The federal government wants to set aside 1.2 million acres of public and private Arizona land as critical habitat for 18 endangered pygmy owls, a move critics say threatens development of the land for private business and public recreation.
Designating the Tucson land as a critical habitat for the tiny creatures, which span 6 inches and weigh 2 pounds, is necessary because they live in an area facing rapid growth and development, said Maeveen Behan, project director for Pima County.
The U.S. Fish and Wildlife Service’s call for the land to be set aside is required by the endangered species act. Pygmy owls were added to the government’s list of protected species in 1997.
Area residents, ranchers and home builders say it’s a government effort to stop development and recreation there.
Glynn A. Burkhardt, president of the Pima County Coalition for Multiple Use, called the pygmy owl “the most expensive animal alive.”
“It will be devastating to Pima County to have a large acreage taken out of use to be used as critical habitat,” Mr. Burkhardt said.
Pima County is 6 million acres in size. The 1.2 million acres would give each owl an average of more than 66,000 acres, according to the 2002 count.
The U.S. Fish and Wildlife Service estimates the economic loss from the designation will top $108 million over the next 10 years.
The National Association of Home Builders (NAHB) called that a low estimate that failed to account for the impact it will have on property values. They estimate the acreage loss will increase the cost of available residential property by as much as $12,000 per home, pricing some buyers out of the market.
Ranching, mining, farming, commercial development, and recreation such as hunting, camping and hiking would be banned in the critical habitat, Mr. Burkhardt said. The designation would also affect school funding, he said, because state property is held in trust, and proceeds from leases and sales are used for education.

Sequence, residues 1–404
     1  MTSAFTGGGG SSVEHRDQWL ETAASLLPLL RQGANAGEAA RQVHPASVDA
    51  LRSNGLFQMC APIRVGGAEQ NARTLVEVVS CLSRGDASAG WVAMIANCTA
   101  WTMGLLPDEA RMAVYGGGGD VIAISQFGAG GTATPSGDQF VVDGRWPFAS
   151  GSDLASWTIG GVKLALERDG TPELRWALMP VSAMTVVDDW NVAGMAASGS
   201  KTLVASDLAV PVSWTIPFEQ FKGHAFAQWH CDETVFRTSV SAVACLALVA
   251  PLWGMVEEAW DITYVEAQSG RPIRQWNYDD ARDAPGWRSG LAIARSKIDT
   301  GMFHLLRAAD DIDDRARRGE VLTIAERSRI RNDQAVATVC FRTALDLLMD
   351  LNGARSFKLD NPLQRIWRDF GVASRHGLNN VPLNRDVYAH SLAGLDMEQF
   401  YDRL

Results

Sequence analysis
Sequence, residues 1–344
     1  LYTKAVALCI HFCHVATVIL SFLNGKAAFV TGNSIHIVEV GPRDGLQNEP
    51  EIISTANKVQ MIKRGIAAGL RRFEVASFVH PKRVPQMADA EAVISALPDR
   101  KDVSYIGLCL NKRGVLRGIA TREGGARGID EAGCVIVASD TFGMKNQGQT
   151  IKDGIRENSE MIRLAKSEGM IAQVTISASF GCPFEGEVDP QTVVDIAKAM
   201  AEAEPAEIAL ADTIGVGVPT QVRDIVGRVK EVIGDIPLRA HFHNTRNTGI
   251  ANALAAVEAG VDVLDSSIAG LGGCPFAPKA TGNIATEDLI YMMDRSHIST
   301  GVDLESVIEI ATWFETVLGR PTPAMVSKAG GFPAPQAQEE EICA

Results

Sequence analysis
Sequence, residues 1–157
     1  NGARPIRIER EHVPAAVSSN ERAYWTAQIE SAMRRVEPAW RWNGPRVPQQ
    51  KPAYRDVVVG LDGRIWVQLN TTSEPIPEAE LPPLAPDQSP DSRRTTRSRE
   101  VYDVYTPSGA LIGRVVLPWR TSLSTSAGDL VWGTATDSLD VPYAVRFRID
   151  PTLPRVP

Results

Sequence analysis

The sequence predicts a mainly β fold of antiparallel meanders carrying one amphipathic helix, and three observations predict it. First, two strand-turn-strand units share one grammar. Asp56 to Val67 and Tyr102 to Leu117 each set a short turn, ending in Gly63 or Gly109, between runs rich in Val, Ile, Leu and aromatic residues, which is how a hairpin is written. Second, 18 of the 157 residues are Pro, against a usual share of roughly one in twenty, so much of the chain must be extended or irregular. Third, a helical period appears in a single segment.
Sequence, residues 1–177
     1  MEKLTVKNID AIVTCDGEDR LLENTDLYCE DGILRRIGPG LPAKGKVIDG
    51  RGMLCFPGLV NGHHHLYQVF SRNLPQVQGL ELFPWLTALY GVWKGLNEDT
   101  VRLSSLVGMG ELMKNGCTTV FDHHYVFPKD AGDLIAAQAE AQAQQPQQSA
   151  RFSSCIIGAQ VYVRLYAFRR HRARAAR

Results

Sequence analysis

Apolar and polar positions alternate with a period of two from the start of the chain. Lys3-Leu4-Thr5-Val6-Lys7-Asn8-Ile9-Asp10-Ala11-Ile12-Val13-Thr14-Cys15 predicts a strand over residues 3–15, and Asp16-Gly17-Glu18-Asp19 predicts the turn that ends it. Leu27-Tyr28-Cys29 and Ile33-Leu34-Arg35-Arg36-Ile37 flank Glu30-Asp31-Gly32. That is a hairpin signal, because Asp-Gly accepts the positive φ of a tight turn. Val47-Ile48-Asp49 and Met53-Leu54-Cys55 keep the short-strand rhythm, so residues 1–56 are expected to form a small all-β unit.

“If they want to develop a trail or recreation facility they would have to do consultation to be sure not to impact any habitat important to the owl,” Miss Behan said. Developers also would have to buy four times the size of land they wanted and commit it to conservation.
Doc Lane, president of the Arizona Cattlemen’s Association, said some ranchers also will unfairly be put out of business.
“Apparently, what they think the cows do is run around to find trees with pygmy owls in it and then the cows tear down the trees,” Mr. Lane said.
The owls are abundant in Mexico, but not so in the northern tip of their habitat in Pima County, which runs along the U.S.-Mexico border.
“It is in danger of becoming extinct in the United States despite the fact that all it has to do is fly above the four-wire fence into Mexico and they will no longer be extinct,” Mr. Lane said.
“It’s the classic logic and misuse of the Endangered Species Act. Environmental groups that wanted to have some way to hamper people who build houses and have ranches wanted to find a little creature they could use to damage the industry and this is the one they picked,” Mr. Lane said.
The habitat designation is being challenged by the NAHB, which took the federal agency to court to force the disclosure of the owls’ locations.
The U.S. Court of Appeals for the District of Columbia ordered the Fish and Wildlife Service to release its data disclosing locations, but the federal agency is planning to appeal.
NAHB spokesmen said their concern is that the federal agency will drag the appeal past the public comment period, which ends Feb. 27.
“How can anyone in the public determine what land is needed to protect a species when the government won’t even tell us where the owl lives?” said Duane Desiderio, NAHB staff vice president for legal affairs.
“I think they are holding back the data because it is not the best scientific data available and does not ultimately justify putting aside 1.2 million acres of land, but we can’t make that determination until we see the data,” Mr. Desiderio said.
“The government has never produced any valid science for its decision-making,” Mr. Desiderio said.
A Fish and Wildlife spokesman said locations of the owls are being kept secret to protect the species and private property owners.
“We are concerned that it is such a rare species, birders tend to flock to the location to try and get pictures and often times there are cases of harassment of the owls,” said Fish and Wildlife spokesman Scott Richardson.
Federal officials are also concerned bird-watchers would trespass on private property, and owners would be less likely to cooperate with researchers.
The proposed habitat in Tucson would be nearly as large as the spotted owl’s habitat in California, where 1.4 million acres were put off-limits after the bird was declared endangered in 1989. The move devastated the local economy.